To achieve this, viable business models that allow for and stimulate private sector investment need to be imagined. The UK Government is exploring the creation of business models that would support hydrogen production and is considering related policy mechanisms71. Expediting the implementation of an enduring fiscal regime will be critical to creating the pipeline of post demonstration projects.

Maintaining flexibility 

Hydrogen is still in the early stages of commercialisation as an energy vector and could develop in several different ways. 

This assessment concluded that there are demand applications that are low regrets, e.g. heavy duty transport, and should be moved to widespread deployment in the short term. For others, such as domestic and commercial heating, more development and demonstration are required to create an evidence base which will inform the optimal solutions. 

Ruling out options now would be premature, in the context of seeking net-zero 2045 solutions. At this stage all options, including blue and green hydrogen, or use of hydrogen in the gas heating network should be kept open. 

Hydrogen needs to be seen within a whole energy system context 

Hydrogen will complement increasing electrification, by improving system flexibility and resilience. Some of its benefits will only be understood when looking at the wider system context. 

Understanding where hydrogen is the optimal decarbonisation solution needs to take into consideration the geographical/regional specific requirements, and how that complements the wider system functionality. 

There is little consensus in studies undertaken to consider the macro-economic benefits of electrification and hydrogen pathways, due mainly to residual uncertainties about costs, captured benefits and technology pathways. Support should be given to all viable options, but as the evidence base builds, decisions should be taken on preferred solutions in the context of the wider system.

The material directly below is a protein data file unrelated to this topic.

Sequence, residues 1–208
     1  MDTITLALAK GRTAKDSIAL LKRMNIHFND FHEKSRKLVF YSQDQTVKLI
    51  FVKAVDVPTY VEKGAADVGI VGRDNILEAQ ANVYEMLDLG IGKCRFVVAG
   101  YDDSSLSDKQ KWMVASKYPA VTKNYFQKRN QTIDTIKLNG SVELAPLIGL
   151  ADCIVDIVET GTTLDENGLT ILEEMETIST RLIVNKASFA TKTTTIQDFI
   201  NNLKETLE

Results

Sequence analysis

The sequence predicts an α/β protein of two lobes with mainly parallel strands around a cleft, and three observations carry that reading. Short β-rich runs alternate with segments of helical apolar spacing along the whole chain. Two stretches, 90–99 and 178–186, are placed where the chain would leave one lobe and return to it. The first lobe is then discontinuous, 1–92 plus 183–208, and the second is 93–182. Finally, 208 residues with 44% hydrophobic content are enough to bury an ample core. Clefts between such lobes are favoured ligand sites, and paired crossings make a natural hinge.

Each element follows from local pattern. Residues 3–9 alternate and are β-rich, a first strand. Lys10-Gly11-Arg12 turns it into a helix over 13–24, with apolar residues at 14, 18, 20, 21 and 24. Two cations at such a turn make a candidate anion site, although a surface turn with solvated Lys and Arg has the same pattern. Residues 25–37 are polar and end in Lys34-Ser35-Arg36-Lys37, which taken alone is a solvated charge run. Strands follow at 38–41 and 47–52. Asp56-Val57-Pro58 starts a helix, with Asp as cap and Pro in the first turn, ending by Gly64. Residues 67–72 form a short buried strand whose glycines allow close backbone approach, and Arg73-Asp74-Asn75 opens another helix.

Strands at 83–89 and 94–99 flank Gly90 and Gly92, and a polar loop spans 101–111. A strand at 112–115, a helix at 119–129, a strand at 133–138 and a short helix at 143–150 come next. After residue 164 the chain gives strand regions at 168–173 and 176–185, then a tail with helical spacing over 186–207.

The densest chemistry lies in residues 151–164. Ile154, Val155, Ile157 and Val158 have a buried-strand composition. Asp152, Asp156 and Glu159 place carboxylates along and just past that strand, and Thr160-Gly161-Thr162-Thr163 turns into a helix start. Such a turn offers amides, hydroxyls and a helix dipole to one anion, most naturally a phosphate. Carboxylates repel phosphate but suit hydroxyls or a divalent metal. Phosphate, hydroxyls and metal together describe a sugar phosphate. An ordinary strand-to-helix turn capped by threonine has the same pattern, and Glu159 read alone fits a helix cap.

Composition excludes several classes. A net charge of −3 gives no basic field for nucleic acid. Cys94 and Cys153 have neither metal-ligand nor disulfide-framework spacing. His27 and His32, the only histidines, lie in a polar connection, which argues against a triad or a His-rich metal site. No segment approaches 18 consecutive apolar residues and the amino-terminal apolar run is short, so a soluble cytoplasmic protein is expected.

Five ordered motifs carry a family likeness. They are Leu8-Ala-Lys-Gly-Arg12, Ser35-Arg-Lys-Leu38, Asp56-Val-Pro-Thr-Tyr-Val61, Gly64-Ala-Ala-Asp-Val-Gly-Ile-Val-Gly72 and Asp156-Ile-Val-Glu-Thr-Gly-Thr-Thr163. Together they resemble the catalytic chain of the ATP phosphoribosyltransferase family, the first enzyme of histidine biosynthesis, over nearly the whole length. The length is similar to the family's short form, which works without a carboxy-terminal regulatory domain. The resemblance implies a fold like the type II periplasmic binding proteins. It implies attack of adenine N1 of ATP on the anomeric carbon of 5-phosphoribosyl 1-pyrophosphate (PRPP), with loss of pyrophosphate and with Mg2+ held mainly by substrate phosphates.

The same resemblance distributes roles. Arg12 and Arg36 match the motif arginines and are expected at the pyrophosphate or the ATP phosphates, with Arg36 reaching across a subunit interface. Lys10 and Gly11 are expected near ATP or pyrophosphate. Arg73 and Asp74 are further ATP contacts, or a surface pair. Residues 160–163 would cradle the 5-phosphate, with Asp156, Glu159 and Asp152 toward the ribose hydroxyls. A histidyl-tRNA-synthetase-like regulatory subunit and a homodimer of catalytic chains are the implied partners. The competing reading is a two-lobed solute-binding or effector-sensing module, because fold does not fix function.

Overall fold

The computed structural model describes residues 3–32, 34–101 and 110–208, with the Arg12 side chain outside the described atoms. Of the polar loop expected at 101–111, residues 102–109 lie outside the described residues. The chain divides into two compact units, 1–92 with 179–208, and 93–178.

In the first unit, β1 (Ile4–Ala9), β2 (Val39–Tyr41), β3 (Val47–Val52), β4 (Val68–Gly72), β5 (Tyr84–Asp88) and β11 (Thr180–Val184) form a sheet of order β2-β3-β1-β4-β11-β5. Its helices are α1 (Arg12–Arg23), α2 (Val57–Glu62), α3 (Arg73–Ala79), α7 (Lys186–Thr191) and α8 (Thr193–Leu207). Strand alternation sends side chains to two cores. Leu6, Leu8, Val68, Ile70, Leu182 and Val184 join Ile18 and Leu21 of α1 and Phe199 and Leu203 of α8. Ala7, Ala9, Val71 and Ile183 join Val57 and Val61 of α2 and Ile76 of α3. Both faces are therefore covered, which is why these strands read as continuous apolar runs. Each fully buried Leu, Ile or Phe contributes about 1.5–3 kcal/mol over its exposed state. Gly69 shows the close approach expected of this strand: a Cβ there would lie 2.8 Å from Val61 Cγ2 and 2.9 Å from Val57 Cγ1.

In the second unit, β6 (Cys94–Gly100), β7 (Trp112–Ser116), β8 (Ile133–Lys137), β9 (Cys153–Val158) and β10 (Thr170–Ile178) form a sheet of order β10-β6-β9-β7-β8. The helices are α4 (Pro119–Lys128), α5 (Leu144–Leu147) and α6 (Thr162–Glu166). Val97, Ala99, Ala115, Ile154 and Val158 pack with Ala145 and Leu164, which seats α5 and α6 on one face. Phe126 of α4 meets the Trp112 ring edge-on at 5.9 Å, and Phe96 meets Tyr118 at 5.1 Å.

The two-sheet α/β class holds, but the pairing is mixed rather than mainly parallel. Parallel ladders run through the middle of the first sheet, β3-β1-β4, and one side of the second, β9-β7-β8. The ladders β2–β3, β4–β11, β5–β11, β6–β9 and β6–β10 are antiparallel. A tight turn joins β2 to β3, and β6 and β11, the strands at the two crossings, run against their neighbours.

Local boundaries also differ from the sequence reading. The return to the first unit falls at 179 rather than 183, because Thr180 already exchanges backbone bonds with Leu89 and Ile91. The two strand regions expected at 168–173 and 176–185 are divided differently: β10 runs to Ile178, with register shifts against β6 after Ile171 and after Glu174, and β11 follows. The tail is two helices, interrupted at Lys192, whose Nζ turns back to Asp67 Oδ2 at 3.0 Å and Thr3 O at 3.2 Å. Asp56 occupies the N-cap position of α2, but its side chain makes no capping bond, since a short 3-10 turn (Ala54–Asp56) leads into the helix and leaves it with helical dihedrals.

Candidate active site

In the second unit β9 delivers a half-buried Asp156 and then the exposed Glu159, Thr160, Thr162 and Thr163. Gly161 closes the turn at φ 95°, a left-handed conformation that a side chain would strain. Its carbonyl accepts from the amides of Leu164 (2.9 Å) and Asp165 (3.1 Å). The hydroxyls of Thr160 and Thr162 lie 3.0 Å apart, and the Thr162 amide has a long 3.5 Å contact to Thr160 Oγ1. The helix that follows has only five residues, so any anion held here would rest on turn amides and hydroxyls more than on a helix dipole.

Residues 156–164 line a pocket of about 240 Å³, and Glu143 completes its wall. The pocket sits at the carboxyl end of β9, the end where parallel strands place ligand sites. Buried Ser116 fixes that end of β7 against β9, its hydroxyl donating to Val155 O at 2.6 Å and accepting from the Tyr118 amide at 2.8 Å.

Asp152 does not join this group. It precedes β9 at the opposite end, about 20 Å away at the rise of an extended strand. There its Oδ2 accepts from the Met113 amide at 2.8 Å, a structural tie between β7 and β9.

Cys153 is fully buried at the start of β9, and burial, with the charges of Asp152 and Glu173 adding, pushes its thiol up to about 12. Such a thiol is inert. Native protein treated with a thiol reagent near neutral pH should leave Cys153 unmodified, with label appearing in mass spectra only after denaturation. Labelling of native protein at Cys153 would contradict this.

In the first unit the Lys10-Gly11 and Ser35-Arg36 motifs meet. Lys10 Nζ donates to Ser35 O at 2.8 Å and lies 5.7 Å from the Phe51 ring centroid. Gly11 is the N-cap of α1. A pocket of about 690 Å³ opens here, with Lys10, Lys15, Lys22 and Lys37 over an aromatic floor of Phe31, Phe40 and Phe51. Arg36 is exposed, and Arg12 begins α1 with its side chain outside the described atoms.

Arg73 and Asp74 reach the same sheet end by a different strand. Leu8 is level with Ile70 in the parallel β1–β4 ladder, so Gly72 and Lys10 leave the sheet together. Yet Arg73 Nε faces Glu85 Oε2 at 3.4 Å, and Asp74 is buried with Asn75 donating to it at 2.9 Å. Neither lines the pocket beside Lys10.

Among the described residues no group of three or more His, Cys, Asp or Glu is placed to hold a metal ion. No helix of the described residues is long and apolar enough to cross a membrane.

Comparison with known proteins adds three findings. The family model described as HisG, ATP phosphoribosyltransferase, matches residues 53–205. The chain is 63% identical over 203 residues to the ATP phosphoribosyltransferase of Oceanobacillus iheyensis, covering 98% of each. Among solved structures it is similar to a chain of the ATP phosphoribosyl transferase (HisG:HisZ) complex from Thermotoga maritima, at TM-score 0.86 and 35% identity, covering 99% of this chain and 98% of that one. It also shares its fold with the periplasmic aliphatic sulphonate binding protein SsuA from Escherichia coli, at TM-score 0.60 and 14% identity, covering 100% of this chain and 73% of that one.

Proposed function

Speed of deployment 

If Scotland wants to capture more of the economic value from hydrogen activities it needs to act quickly and decisively. 

For example, Scotland could become a centre for skills and services in green hydrogen production with global potential. Moving determinedly to deploy significant production capacity would require the creation of supply chains close to deployment. This has the potential to attract manufacturing activity to Scotland for electrolysis systems or key demand applications like buses. 

However, if Scotland is slow to deploy, then there is a risk that supply chains will be developed elsewhere, reducing the opportunity in Scotland.

8.2 Considerations for next steps

The study and engagement identified a number of specific areas for further focus that could underpin growth in the hydrogen energy vector. 

Table 12: Further focus areas.
Report finding Additional insight / knowledge required
Green hydrogen is likely to feature in some capacity in Scotland's energy economy and its role will likely grow in the long term.
  • Stakeholders agreed that green hydrogen is the ultimate goal and that Scotland should move decisively to crystallise that opportunity.
  • Scotland should set an ambitious 2032 target and ensure there is a fiscal regime to support delivery against the target as has been done by the EU and other countries such as Germany. Clear future targets for green hydrogen production will give producers and investors a clear framework to work within.
  • Action should be taken to cement economic value in Scotland e.g. system integration or manufacturing.
Scotland could become a large scale producer of green hydrogen for export, most likely to Europe.
  • The cost competitiveness of green hydrogen from Scotland needs to be explored and understood particularly in relation to other potential sources of green hydrogen production including solar power in the southern Europe and North Africa.
  • The practicalities of mass export of large amounts of hydrogen need to be investigated, i.e. whether hydrogen is transported by ship (as liquid hydrogen, ammonia or via liquid organic hydrogen carrier) or via gas pipeline.